List of national anthem performers at the Super Bowl
The U.S. national anthem, "The Star-Spangled Banner", has been performed at every Super Bowl—except for XI, when Vikki Carr sang "America the Beautiful" instead. In some recent years, the anthem has been preceded by "America the Beautiful," and in very early years, the Pledge of Allegiance.
Early Super Bowls featured the national anthem being performed by marching bands. But as the popularity of the game increased, a trend where popular singers and musicians performed the national anthem emerged. Whitney Houston's performance at Super Bowl XXV in 1991, during the Gulf War, has been regarded as one of the best renditions of the U.S. national anthem in history. The performance was released as a single on February 12, 1991, appeared on the album Whitney: The Greatest Hits, and was re-released as a single shortly after 9/11. Faith Hill's XXXIV rendition proved popular in country radio. Following 9/11, her version entered the Country singles chart at number 35, despite not being released as an official single. It re-entered the same chart at number 49 in July 2002, and enjoys recurrent since then. During Super Bowl XLVIII on February 2, 2014, Renée Fleming became the first opera singer to perform the national anthem.
Multiple and hometown performances
Acts that have performed three times:
Acts that have performed two times:
- GSU Tiger Marching Band (II and IX)
- Billy Joel (XXIII and XLI)
- Aaron Neville (XXIV and XL)
- U.S. Air Force Academy Chorale (VI and XXXIX)
Singers that performed in or near their hometown metropolitan area:
- Beyoncé (XXXVIII, Houston)
- Aretha Franklin (XL, Detroit)
- Al Hirt (IV, New Orleans)
- Aaron Neville (XXIV & XL, New Orleans)
- Diana Ross (XVI, Detroit)
- Jordin Sparks (XLII, Phoenix)
Just days after Super Bowl XXV, a report surfaced that Whitney Houston lip synced her performance. It was confirmed that she was actually singing into a dead mic, but the performance heard in the stadium and on television was prerecorded. The disclosure, however, did not tarnish the performance's critical praise.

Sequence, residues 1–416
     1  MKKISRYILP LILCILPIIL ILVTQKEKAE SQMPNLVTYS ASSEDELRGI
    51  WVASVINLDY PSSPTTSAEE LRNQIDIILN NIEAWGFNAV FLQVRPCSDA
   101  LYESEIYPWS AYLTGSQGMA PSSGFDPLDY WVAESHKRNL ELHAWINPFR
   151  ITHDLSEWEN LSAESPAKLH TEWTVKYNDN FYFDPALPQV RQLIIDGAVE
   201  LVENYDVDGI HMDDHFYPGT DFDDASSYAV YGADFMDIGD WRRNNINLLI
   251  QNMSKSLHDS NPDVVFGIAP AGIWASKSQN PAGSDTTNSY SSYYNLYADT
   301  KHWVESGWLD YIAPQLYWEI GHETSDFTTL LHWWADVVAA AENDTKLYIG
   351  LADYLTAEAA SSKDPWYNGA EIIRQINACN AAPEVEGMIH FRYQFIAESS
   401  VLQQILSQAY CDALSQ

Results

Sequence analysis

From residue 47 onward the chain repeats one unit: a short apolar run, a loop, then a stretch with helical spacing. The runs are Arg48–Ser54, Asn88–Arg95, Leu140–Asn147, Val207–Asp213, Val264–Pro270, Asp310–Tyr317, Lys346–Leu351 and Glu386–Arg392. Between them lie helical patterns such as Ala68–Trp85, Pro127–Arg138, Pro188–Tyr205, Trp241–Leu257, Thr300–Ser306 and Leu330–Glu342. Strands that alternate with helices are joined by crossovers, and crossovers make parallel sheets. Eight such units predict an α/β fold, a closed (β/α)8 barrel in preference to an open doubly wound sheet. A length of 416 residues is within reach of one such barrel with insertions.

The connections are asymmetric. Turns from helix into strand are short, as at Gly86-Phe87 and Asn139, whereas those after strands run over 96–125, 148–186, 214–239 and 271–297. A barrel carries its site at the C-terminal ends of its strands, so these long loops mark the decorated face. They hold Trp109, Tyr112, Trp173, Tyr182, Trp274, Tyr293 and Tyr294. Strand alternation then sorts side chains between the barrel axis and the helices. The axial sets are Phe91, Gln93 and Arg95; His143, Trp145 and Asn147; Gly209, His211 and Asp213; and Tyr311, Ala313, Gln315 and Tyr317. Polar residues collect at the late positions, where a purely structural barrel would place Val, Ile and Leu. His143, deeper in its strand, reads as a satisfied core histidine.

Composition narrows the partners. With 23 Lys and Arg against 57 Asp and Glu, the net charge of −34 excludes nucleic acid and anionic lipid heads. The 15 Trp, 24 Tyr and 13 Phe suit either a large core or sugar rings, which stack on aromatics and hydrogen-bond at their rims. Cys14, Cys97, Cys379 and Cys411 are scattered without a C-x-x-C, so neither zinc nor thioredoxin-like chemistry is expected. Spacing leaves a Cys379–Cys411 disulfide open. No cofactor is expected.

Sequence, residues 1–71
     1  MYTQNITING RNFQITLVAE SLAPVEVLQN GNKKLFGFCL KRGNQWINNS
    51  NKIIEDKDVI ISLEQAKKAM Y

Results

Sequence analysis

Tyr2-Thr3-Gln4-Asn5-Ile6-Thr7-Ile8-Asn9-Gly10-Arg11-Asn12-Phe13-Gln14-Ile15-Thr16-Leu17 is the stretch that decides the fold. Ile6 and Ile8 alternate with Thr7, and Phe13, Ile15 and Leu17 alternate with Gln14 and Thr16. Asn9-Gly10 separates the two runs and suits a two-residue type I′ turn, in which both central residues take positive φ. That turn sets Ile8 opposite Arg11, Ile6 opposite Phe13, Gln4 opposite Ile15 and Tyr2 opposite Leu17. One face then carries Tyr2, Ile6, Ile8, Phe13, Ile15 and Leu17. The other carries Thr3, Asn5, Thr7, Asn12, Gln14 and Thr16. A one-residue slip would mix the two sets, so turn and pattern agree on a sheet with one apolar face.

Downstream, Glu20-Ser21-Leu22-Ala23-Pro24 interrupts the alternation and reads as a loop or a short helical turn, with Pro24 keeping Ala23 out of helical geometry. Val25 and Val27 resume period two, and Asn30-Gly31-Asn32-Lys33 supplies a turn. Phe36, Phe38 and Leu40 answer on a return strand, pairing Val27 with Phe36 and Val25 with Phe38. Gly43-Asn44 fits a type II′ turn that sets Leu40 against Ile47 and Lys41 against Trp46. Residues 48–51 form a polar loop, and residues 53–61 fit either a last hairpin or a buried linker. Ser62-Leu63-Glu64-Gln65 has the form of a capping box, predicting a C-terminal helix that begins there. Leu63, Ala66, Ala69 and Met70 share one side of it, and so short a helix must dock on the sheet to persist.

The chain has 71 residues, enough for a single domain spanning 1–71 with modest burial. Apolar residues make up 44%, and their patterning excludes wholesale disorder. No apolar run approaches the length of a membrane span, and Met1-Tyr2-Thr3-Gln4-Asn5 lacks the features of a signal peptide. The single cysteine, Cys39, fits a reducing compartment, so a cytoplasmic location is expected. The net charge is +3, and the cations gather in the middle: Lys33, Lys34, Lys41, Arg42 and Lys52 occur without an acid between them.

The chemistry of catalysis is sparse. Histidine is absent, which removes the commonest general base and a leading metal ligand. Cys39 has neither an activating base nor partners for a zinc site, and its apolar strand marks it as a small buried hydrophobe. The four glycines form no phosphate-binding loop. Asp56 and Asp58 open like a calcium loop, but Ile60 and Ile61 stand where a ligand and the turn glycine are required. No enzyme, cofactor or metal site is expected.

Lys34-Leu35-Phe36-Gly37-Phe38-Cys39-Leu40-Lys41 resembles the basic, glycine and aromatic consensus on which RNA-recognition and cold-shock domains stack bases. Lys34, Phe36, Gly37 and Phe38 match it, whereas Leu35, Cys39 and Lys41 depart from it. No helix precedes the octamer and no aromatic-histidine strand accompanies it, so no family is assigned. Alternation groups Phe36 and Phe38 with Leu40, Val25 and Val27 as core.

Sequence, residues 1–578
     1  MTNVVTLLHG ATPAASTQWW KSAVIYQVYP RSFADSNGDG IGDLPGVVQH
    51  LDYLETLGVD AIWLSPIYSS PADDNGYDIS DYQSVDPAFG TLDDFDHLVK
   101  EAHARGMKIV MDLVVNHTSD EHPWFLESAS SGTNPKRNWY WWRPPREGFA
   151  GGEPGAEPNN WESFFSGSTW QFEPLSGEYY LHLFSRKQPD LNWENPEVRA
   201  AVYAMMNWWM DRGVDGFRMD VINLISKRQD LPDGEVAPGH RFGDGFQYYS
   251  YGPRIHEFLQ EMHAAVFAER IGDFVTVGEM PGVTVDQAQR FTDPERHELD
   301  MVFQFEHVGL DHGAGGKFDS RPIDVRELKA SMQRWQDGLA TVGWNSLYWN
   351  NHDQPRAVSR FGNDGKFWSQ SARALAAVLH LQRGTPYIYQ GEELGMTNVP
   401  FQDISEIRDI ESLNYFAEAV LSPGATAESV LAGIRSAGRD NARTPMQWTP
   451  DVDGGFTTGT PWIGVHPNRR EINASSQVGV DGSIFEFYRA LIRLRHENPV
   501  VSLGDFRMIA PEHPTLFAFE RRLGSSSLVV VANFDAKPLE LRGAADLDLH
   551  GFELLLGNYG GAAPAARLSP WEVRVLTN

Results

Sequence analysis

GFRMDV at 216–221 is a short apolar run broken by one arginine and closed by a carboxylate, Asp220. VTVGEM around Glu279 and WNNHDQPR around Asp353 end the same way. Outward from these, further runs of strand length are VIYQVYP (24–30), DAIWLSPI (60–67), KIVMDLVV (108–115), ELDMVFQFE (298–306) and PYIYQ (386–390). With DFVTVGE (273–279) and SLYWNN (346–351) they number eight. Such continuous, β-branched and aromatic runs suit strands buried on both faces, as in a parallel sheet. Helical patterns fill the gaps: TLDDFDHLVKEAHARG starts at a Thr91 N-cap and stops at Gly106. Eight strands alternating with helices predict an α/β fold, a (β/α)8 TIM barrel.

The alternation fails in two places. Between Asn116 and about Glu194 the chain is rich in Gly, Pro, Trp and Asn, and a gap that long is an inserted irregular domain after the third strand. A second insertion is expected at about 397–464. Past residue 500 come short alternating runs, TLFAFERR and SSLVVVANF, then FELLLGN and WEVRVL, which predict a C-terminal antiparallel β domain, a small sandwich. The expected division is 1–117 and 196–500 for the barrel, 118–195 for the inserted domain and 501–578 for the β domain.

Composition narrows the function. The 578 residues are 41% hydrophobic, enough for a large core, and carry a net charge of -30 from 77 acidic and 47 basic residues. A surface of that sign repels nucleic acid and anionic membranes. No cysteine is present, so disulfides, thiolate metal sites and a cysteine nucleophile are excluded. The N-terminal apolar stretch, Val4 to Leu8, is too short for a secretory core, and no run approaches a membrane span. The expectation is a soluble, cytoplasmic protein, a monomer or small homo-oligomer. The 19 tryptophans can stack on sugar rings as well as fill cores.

Since 1993, the NFL has required performers to supply a backup track. This came after Garth Brooks walked out of the stadium prior to his XXVII performance. Only 45 minutes before kickoff, he refused to take the stage, due to a dispute with NBC. Brooks requested that the network premiere his new music video "We Shall Be Free" during the pregame. The network chose not to air the video, due to content some felt was disturbing imagery. Brooks had also refused to pre-record the anthem, which meant the league had nothing to play if he left. Television producers spotted Jon Bon Jovi in the grandstands, and were prepared to use him as a replacement. After last-minute negotiations, NBC agreed to air a clip of the video during the broadcast of the game, and Brooks was coaxed back into the stadium and sang.
Following the "wardrobe malfunction" controversy during Super Bowl XXXVIII in 2004, all scheduled performers for Super Bowl XXXIX were chosen under heavy scrutiny. Game organizers decided not to use a popular music vocalist. The combined choirs of the U.S. Military Academy, the Naval Academy, Air Force Academy, Coast Guard Academy, and the U.S. Army Herald Trumpets were invited to perform. This was the first time since the second inauguration of President Richard Nixon in 1973 that all four service academies sang together.
At the beginning of Super Bowl XLV, Christina Aguilera sang the lyrics incorrectly. Instead of singing "O'er the ramparts we watched, were so gallantly streaming", the pop star sang "What so proudly we watched at the twilight's last gleaming". According to the New York Times, she also changed "gleaming" to "reaming".
Other patriotic performances
The following Super Bowls have also featured other patriotic performances besides the national anthem.
- 1969: Apollo 8 crew
- 1970: Apollo astronauts (This was the Super Bowl following the Apollo 11 landing)
- 1973: Apollo 17 crew (who were honored during a pregame tribute)
- 1977: Vikki Carr (in place of the national anthem)
- 2001: Ray Charles
- 2002: Mary J. Blige, Marc Anthony and the Boston Pops Orchestra (this was the first Super Bowl following the September 11 terrorist attacks)
- 2005: Alicia Keys and a video of Ray Charles, as a tribute (this was the first Super Bowl following his death).
- 2009: Faith Hill
- 2010: Queen Latifah
- 2011: Lea Michele
- 2012: Blake Shelton and Miranda Lambert
- 2013: Jennifer Hudson with the Sandy Hook Elementary School chorus
- 2014: Queen Latifah with the New Jersey Youth Chorus
- 2015: John Legend 
- 2016: Armed Forces Chorus 
- 2003: Céline Dion
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